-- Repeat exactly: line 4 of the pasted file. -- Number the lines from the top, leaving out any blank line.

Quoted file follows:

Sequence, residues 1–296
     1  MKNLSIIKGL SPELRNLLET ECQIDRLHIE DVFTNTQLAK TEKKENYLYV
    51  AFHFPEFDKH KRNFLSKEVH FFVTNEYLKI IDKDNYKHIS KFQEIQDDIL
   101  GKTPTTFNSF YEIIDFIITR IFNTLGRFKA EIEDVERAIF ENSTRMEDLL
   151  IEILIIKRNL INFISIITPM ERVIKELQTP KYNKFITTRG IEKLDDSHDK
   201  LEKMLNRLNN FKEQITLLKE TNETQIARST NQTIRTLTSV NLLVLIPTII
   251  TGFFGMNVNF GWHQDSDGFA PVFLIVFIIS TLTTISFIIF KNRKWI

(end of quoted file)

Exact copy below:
   101  GKTPTTFNSF YEIIDFIITR IFNTLGRFKA EIEDVERAIF ENSTRMEDLL